3. While the thighs are cooking, melt the butter in a small skillet over medium heat. Put in the pecans and cook, stirring gently, until they're brown and aromatic, taking care not to scorch them. Remove from heat and stir in the cinnamon, nutmeg, cumin, cayenne and black pepper.
4. Remove the thighs and let them cool a little, leaving the liquid and mushrooms to simmer uncovered and reduce a bit. When the thighs are cool enough to handle, roll them in the seasoned pecans, pressing them in so as many as possible will stick.
5. When the liquid has reduced a bit, you may leave it as is, or if you wish a thicker sauce, make a slurry of the cornstarch and a little cool water, stirring it in gradually until it's the thickness you like. Gently put the pecan-coated chicken thighs back into the pan, and scatter any remaining pecan bits over all. Sprinkle the remaining 1/2 ounce of Bourbon over the top, carefully light it with a match to "flame" the dish, and serve.
Just about any starch and vegetable accompaniments will be fine. We added an Asian touch with white rice and crisp-tender steamed baby bok choy cabbages.
MATCHING WINE: At the urging of the good folks at Labrot & Graham, I tried serving this with small glasses of their Woodford Reserve Bourbon. I can't honestly say I'm persuaded: "Straight," over ice and even diluted one-to-one with water, it was simply too alcoholic to make a good table beverage for my tastes. Mixed one-to-four with soda, to bring its alcoholic content down to approximately the same level as table wine, it unfortunately became too dilute, with its caramel character coming to the fore and making it surprisingly reminiscent of a cola drink.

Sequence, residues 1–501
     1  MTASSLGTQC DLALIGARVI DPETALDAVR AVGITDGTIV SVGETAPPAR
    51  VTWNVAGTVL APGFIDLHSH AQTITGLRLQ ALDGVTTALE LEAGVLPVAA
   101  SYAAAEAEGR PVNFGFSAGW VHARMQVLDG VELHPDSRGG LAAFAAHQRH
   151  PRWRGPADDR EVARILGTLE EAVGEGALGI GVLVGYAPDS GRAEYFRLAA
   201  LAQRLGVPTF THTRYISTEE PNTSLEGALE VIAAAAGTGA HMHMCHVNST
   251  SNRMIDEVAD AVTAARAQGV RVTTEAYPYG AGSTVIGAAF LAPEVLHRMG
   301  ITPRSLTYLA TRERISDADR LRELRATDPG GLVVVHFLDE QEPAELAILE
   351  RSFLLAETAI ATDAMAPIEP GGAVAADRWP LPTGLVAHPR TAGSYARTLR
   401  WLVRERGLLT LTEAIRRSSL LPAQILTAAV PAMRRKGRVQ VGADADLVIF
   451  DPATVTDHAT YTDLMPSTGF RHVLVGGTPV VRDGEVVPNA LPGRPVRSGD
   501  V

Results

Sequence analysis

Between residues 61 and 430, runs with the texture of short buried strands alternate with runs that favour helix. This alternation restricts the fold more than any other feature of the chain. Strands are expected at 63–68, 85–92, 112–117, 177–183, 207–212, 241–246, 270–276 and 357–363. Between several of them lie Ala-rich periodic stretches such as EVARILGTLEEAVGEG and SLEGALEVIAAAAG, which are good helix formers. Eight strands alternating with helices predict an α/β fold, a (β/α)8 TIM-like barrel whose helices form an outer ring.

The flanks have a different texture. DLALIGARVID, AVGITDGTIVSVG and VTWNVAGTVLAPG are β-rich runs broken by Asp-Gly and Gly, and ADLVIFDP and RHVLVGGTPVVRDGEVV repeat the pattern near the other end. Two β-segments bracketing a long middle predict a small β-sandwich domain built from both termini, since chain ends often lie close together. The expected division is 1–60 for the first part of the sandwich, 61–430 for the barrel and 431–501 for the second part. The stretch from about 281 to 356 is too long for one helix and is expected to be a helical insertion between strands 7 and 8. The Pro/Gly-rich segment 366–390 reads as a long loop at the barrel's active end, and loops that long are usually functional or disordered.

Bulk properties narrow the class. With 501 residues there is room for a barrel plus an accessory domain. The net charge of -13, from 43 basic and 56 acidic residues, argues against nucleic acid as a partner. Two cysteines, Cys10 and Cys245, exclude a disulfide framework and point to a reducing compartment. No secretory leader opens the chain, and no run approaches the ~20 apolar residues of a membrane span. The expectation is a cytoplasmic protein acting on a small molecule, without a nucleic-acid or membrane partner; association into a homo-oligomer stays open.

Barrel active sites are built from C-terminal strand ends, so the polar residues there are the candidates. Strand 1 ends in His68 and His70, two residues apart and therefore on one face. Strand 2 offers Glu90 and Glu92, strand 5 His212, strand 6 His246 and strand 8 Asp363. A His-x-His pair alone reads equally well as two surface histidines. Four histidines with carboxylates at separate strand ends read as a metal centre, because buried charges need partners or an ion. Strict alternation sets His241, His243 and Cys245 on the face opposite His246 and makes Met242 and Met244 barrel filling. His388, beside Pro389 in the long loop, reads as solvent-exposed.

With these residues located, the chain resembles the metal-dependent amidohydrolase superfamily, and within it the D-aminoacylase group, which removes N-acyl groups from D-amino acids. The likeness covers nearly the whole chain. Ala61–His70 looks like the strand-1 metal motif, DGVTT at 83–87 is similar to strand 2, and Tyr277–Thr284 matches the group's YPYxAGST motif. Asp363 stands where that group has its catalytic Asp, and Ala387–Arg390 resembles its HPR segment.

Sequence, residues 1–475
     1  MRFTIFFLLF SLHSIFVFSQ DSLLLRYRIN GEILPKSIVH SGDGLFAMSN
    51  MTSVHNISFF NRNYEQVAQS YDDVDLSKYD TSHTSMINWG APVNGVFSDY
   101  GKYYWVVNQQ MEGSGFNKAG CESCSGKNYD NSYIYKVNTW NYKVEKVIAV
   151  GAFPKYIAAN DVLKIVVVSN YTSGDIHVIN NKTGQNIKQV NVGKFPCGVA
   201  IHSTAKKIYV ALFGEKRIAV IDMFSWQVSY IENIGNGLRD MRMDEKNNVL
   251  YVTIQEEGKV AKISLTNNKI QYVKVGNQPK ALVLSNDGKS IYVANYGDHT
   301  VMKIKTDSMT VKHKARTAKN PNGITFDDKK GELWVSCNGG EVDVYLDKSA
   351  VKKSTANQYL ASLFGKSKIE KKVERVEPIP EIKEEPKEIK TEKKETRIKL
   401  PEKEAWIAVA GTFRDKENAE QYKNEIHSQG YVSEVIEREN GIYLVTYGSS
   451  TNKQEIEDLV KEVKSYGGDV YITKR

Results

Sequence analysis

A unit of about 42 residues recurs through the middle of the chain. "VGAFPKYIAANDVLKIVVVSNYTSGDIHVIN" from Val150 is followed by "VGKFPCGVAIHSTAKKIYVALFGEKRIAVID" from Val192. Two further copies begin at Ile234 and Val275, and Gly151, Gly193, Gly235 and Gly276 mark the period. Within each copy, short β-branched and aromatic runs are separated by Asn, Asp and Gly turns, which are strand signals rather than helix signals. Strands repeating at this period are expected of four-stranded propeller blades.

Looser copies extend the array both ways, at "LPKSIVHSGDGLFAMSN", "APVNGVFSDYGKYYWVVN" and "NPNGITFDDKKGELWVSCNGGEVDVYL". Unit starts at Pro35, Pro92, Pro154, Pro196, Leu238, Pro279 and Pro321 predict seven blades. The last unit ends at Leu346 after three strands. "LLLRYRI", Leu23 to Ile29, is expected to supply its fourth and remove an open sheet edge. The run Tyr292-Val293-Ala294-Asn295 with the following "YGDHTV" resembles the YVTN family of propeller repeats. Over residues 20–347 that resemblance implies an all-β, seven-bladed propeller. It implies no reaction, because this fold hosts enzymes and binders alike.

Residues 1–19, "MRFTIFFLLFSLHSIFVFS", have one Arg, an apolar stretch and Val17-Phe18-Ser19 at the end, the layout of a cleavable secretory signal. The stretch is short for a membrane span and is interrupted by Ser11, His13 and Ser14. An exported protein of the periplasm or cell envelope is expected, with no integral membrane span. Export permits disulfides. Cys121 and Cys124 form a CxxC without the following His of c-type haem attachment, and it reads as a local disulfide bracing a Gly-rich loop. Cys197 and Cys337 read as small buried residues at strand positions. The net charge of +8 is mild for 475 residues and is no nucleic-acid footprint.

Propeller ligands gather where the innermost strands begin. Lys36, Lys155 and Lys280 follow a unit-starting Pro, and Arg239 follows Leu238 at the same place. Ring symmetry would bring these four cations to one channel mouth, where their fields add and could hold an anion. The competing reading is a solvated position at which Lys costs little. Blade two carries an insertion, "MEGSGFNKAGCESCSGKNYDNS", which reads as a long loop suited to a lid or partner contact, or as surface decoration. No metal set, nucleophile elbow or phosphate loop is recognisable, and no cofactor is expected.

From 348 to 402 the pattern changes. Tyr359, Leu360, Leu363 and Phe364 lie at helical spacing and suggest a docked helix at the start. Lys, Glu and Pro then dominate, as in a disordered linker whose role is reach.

We went back to wine and found, happily, that the sweet Bourbon and aromatic spice flavors made a stunning match with a high-quality Washington State Merlot, the 2000 L'Ecole No. 41 from the Columbia Valley. (For my tasting notes, see
For a virtual visit to Labrot & Graham (with information on visiting and touring the distillery), see
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Copyright 2003 by Robin Garr. All rights reserved.